young couple's first year of marriage was very rocky and Joe started
drinking and hanging out in bars. It was then that Joe had his first
gay encounter. "I got involved because I was drinking," Joe told
himself, "Otherwise I wouldn't have done it. So I'll just stop
drinking and it won't happen again." Yet he couldn't stop, and his
marriage ended in divorce two and a half years later.
Joe's failure at marriage only re-emphasized his sense of
worthlessness. In the midst of depression he moved back to Memphis to
get a fresh start. Two weeks later Joe got word that his father had
been shot by a fourth wife.
"I stood over him in the hospital room," Joe recounted. "I knew Dad
was dying, but I had all these feelings of hatred toward him. I asked
myself, 'What kind of person am I? I hate my own dad.'"
After his dad's death, Joe started going to church. He was looking
for something to pull his life together, and it was there he met his
second wife, Ellen.
The first two years of that marriage were reasonably smooth. Joe
didn't drink, and he stayed involved in the church. But then he
started having health problems related to his polio, and was forced to
take pain pills and muscle relaxers. Joe began abusing his medication
and soon he was doing street drugs as well. His lifestyle quickly
returned to its former pattern.
"Ellen didn't even know what was going on. I was selling accounting
systems on commission for two or three days a week, and on the other
days I was sitting in gay bars, waiting to get picked up. I really
had a lot of people fooled, 'cause during the week I'd be in the gay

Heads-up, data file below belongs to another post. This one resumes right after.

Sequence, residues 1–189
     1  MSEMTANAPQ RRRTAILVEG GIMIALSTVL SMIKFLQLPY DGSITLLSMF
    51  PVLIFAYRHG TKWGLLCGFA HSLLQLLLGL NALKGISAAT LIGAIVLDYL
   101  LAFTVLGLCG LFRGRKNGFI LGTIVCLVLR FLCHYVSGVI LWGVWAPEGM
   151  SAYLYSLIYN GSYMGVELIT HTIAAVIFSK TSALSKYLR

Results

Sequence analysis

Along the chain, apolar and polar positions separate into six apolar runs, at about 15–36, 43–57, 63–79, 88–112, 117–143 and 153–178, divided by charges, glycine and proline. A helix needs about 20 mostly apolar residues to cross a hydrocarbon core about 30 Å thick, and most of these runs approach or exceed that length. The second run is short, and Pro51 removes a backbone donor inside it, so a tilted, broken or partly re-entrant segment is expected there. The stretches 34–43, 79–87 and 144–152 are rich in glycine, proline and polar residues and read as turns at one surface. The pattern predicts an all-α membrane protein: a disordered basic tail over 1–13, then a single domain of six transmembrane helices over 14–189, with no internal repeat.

bars, and on Sunday I'd be in church.
"One night I was high and I told Ellen's sister everything I had been
doing. Ellen freaked out when she heard. I said I would go for
counseling, or do anything she asked me to do. We had two boys by
that time and I wanted our family to stay together. But Ellen didn't
want any part of me. We were divorced in 1980."
The next seven years are represented by glimpses and memories of two
more marriages and various attempts at repentance: the scene of being
dragged off his third wife as he tried to strangle her; the picture of
a pastor telling Joe he should have no more problems with
homosexuality since he was baptized; wife number four treating him
like a Ken doll, dressing him up to show him off; the look in his
wife's eyes as she returned to their empty apartment after he had sold
everything for drugs, even the dishes and silverware.
In April 1987, Joe was admitted to the hospital with Steven Johnson
syndrome, a rare allergic reaction to medication. While the doctors